National Insurance contributions to rise by 1.25%

by John Wilson   •  
Blog

The Prime Minister has today set out details of his social care plan for England. From October 2023, no-one will have to pay more than £86,000 for care over their lifetime. Anyone who has assets of less than £20,000 will have their care costs fully covered by the State.

Those with assets between £20,000 and £100,000 will receive some means-tested state support.

To fund the plans, National Insurance contributions will rise by 1.25% and tax on share dividends will also go up by 1.25%. The Health and Social Care Levy will apply to employees and employers liable for Class 1 NICs and self-employed individuals liable for Class 4 NICs. This is illustrated below:

The changes will come into effect from April 2022. From 2023 the NI increase will appear on people’s payslips as a separate Health & Social Care levy.

The social care changes will only apply in England, as Scotland, Wales and Northern Ireland have separate arrangements for social care. Part of the NI increase will be passed to the Scottish, Welsh and Northern Irish devolved governments.

Pensions impact

From a pension perspective, assuming there are no ‘anti-avoidance’ provisions (and none are suggested in the proposals), the increase in NICs makes salary sacrifice even more attractive in terms of the optimum way for employees to make contributions to their pension.

For example, a company has 250 employees in its money purchase pension scheme. The employees currently pay 5% of salary as a contribution, but the company decides to introduce an automatic salary exchange scheme. Consequently, the pension scheme becomes non-contributory (with the employer increasing its payments to counteract this) and members’ salaries are reduced.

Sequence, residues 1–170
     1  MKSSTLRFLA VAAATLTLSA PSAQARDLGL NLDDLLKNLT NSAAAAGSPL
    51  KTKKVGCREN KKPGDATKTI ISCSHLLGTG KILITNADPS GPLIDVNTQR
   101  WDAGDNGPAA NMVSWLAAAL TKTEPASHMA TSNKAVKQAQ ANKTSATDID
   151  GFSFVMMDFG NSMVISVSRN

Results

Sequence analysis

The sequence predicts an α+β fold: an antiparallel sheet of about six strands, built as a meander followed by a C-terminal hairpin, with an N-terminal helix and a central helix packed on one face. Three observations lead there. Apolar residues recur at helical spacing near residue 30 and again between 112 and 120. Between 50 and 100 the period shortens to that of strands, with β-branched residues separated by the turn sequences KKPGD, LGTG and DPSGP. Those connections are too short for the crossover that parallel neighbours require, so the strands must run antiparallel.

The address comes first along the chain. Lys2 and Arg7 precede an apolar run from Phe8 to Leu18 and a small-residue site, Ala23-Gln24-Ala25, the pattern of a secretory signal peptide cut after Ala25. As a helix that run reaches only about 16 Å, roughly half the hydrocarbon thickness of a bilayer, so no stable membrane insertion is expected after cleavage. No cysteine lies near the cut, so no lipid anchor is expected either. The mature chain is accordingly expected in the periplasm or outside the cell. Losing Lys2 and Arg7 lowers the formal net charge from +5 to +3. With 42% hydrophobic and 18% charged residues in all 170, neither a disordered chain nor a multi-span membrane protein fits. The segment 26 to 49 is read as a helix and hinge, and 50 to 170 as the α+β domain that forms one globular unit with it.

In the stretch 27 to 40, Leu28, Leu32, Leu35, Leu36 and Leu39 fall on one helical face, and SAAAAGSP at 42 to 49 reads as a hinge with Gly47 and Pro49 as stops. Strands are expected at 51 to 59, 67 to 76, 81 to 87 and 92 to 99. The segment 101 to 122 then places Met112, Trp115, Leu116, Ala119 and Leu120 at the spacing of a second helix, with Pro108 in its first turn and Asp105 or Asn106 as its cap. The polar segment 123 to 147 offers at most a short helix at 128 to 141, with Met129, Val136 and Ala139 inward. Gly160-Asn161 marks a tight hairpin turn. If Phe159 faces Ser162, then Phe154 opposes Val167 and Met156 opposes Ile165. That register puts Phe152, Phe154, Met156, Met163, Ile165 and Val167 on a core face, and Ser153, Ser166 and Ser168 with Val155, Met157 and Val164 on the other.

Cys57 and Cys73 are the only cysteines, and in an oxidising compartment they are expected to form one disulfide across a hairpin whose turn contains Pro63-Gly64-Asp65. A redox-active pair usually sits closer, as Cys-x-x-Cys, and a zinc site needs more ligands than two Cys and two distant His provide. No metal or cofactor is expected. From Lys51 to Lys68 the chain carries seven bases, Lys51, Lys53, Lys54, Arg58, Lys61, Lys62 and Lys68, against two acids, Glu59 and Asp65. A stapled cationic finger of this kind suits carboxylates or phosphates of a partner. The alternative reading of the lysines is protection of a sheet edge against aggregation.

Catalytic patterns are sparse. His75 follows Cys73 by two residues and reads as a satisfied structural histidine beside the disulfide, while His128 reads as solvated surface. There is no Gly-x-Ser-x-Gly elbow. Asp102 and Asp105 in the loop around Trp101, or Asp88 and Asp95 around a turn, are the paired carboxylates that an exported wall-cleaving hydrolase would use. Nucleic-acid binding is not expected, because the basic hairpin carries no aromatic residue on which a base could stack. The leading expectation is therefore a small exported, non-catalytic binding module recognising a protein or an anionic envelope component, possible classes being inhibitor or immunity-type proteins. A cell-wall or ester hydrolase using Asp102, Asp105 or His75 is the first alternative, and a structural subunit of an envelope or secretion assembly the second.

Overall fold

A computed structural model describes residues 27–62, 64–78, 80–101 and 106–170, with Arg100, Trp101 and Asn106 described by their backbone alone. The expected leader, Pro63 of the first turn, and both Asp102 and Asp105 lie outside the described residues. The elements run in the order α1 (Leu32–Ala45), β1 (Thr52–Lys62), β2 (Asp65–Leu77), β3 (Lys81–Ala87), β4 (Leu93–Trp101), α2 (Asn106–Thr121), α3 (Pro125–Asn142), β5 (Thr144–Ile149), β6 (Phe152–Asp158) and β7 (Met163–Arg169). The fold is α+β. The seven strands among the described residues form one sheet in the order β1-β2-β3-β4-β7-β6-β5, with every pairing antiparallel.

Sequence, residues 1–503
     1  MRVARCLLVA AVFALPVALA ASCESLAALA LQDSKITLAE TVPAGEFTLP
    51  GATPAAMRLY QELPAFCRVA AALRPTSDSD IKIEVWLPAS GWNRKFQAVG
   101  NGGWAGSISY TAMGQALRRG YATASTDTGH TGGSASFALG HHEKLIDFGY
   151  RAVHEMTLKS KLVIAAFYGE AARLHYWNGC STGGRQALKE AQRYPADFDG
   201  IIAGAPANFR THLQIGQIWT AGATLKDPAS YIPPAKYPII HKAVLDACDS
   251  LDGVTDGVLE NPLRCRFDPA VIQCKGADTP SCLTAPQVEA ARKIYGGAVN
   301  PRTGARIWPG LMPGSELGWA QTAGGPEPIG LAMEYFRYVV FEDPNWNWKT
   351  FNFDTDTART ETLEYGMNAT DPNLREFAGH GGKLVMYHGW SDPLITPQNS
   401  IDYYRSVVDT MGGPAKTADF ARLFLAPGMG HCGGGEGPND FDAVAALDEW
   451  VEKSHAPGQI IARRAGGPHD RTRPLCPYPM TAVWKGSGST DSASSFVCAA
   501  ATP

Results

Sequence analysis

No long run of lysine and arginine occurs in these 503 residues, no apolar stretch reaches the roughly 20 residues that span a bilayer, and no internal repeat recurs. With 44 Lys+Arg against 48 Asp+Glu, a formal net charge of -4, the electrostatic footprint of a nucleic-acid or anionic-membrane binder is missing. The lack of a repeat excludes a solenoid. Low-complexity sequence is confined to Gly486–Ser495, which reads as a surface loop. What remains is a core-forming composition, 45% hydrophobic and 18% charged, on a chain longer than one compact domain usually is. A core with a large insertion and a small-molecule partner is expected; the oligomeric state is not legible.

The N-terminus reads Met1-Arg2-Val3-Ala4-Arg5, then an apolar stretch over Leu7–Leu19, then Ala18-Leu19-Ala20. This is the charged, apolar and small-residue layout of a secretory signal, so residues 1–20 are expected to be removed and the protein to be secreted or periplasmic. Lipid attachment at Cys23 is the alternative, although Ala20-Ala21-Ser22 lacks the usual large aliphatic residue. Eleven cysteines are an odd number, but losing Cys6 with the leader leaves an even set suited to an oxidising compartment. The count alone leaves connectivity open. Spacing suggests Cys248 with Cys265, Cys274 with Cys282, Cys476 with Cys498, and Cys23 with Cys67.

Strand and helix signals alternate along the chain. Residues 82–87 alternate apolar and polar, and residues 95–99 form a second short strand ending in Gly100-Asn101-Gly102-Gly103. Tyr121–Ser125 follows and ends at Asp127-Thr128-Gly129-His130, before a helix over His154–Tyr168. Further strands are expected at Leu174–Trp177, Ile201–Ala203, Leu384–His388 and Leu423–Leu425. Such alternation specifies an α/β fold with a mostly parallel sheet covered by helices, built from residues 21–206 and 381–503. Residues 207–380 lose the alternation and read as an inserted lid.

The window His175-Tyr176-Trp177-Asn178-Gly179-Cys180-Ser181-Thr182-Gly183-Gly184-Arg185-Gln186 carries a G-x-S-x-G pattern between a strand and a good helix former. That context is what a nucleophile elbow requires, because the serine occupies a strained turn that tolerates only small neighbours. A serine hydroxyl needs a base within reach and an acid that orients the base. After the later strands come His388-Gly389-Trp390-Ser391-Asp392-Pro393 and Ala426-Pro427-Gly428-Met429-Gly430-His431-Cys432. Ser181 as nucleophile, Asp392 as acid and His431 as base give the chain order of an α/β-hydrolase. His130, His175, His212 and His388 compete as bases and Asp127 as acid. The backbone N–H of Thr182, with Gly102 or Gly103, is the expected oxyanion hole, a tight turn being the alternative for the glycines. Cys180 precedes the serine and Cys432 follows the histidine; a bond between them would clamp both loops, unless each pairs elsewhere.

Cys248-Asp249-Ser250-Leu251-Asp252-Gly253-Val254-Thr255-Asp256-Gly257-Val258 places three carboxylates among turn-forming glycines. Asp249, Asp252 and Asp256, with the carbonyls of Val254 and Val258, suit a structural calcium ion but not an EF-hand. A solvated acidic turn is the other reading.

The ‘before and after’ position (assuming, for simplicity, that all members earn £30,000 a year (before salary exchange); basic rate tax is payable on all taxable earnings; 2021/22 thresholds for tax/NI apply; and the proposed increase in NICs has been implemented) is as follows:

Before Salary Exchange

After Salary Exchange

Total Gross Salaries

£30,000 x 250 = £7,500,000

Total Gross Salaries

£28,500 x 250 = £7,125,000

Total member pension contributions

£7,500,000 x 5% = £375,000

Total member pension contributions –

Nil (but increased employer contribution)

Total Personal Allowance (assume everyone gets single person allowance)

£12,570 x 250 = £3,142,500

Total Personal Allowance (assume everyone gets single person allowance)

£12,570 x 250 = £3,142,500

Total Income Tax payable

[£7,500,000 – (£375,000 + 3,142,500)] x 20%

= £796,500

Total Income Tax payable

(7,125,000 – £3,142,500) x 20% = £796,500

Employee NI

(£30,000 - £9,568) x 250 x 13.25% = £676,810

Employee NI

(£28,500 - £9,568) x 250 x 13.25% = £627,122.50

Employer NI

(£30,000 - £8,840) x 250 x 15.05% = £796,145

Employer NI

(£28,500 - £8,840) x 250 x 15.05% = £739,707.50

Total take home pay

£7,500,000 - £375,000 - £796,500 - £676,810 =

£5,710,000 (i.e. £22,606.76 per employee)

Total take home pay

£7,125,000 - £796,500 - £567,960 = £5,760,540

(i.e. £23,042.16 per employee)

 

Total NI saving

(£676,810 – 627,122.50) + (£796,145 – 739,707.50) = £106,125 for one year)

 

NI saving breakdown

Employer saving = £56,437.50 (i.e.  £225.75 per person)

Employee saving = £49,687.50 (i.e.  £198.75 per person)

Ignoring the proposed increase announced today, the table would look like this:

Before Salary Exchange

After Salary Exchange

Total Gross Salaries

£30,000 x 250 = £7,500,000

Total Gross Salaries

£28,500 x 250 = £7,125,000

Total member pension contributions

£7,500,000 x 5% = £375,000

Total member pension contributions

Nil (but increased employer contribution)

Total Personal Allowance (assume everyone gets single person allowance)

£12,570 x 250 = £3,142,500

Total Personal Allowance (assume everyone gets single person allowance)

£12,570 x 250 = £3,142,500

Total Income Tax payable

[£7,500,000 – (£375,000 + 3,142,500)] x 20%

= £796,500

Total Income Tax payable

(7,125,000 – £3,142,500) x 20% = £796,500

Employee NI

(£30,000 - £9,568) x 250 x 12% = £612,960

Employee NI

(£28,500 - £9,568) x 250 x 12% = £567,960

Employer NI

(£30,000 - £8,840) x 250 x 13.8% = £730,020

Employer NI -

(£28,500 - £8,840) x 250 x 13.8% = £678,270

Total take home pay

£7,500,000 - £375,000 - £796,500 - £612,960 =

£5,710,000 (i.e. £22,862.16 per employee)

Total take home pay

£7,125,000 - £796,500 - £567,960 = £5,760,540

(i.e. £23,042.16 per employee)

 

Total NI saving

(£612,960 – 567,960 + (£730,020 – 678,270 =

£96,750 for one year)

 

NI saving breakdown

Employer saving = £51,750 (i.e.  £207 per person) Employee saving = £45,000 (i.e.  £180 per person)

Further reading

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